The option of releasing to island areas is something we have been working towards since Leo first founded our group. We have had ups and downs, and plans that have fallen through, but this year we have finally secured, with assistance from SFC, a large island in mangrove swamp habitat that is ideal for release of macaques. To prepare for this relocation of macaques, we had been slowly socialising the monkeys in quarantine into slightly larger group sizes – two of these consisted of one male with four females each. The males had been castrated before being mixed with the females, as we do not want macaques to be breeding, either at Matang or on the island.
Transferring the macaques from Matang to the island went very smoothly. The two groups were released at different areas, so that they could become used to the new habitat without the additional stress of interacting with new monkeys. The island does provide some natural foods, but we have also employed another local member of staff, whose daily job is now to take a boat ride out to the island and place food on small platforms so that the monkeys never go hungry. He is also attempting to do a small amount of monitoring.
So far, we have been able to report regular sightings of one of the groups of macaques. The second group has not been seen. This could be because:
- They have moved to an area of the island that is not easily visible from the water’s edge, and are keeping away from the sounds of the outboard engine and human activity
- They have swam off the island to other areas of the mangrove – there is a population of salt water crocodiles in this area that we hoped would disincentives a lot of swimming or exploration of the water, but macaques are very good swimmers so it is a possibility
- They have died
We obviously hope they are doing well and simply avoiding the humans whenever they come to the area. We are continuing with the food provisions and monitoring that these deliveries allow, and have also installed some camera traps on the island. As well as photos of the macaques, it is clear that some of the squirrels are also enjoying the daily provisions of high energy fruit and vegetables to the area! We were able to buy these camera traps thanks to funds raised via our UK charity, Project Borneo. HUGE thanks to everyone who has supported our new charity arm!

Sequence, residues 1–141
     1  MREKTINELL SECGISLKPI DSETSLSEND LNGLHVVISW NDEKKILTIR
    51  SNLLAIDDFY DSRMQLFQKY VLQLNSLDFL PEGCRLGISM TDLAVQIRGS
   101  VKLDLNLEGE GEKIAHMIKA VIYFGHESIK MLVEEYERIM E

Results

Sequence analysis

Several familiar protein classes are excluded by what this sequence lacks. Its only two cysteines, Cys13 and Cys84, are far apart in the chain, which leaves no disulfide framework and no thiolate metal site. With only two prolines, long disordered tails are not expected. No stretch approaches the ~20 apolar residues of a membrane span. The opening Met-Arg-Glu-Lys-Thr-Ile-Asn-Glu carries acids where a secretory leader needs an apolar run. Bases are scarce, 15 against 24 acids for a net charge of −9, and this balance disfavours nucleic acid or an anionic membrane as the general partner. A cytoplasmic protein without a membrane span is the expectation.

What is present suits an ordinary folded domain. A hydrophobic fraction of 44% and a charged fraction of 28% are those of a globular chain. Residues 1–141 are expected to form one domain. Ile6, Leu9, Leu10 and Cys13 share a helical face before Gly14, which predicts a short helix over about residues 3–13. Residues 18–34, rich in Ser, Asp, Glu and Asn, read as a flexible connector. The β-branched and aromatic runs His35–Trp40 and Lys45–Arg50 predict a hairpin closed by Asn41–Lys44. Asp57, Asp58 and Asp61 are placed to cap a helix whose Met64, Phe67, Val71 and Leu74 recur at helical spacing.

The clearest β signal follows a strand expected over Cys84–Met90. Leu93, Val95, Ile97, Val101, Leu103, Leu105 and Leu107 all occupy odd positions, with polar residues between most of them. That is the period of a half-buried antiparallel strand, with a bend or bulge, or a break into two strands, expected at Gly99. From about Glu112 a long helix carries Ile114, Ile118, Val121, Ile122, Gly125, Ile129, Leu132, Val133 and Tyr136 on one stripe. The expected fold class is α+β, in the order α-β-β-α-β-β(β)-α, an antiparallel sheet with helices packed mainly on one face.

Though we have seen mixed success so far with this relocation effort, we are going to give it another shot with two further groups of long tail macaques from Matang. Their sterilisations will be taking place early next month, and we hope to trans-locate them onto the island by early November at the latest. We will also be installing more camera traps in the area to see if we can better monitor them in their new homes.
This is by no means a solution for the conservation of this species. Long tail macaques continue to be branded as a ‘pest’, and as long as a species is awarded this title they are open to persecution by the humans that are forced to share space with them. This is true for any species that is lowered to the brand of ‘pest’, in any country around the world. Humans are simply not tolerant of wild animals living in the same areas that we do, but unfortunately as we continue our merciless expansion and development, animals have little choice but to attempt to carve out a life for themselves in the same areas as humans. This is not working out well for animals around the world.
However, for the long tail macaques that end up at Matang, we now have an option for their future that offers a much more enriching and stress-free existence than caged captivity. It also means that each new arrival has hope for continued life at an island sanctuary, after simply going through a quarantine and sterilisation procedure at Matang, rather than getting stuck in ‘holding’ for an indefinite amount of time. This has been the future we have been striving for, as soon as we understood the problems facing macaques and the inevitability of their influx to Matang, and we are finally en route to achieving it.
Thanks to all our past volunteers for your work in keeping the macaques’ lives enriched while they have been stuck in the quarantine area of Matang over the years (future volunteers will have this task too of course!), and thanks to everyone that has donated to our new UK charity recently. Here are some photos of happy macaques enjoying island life, taken by our newly donated camera traps!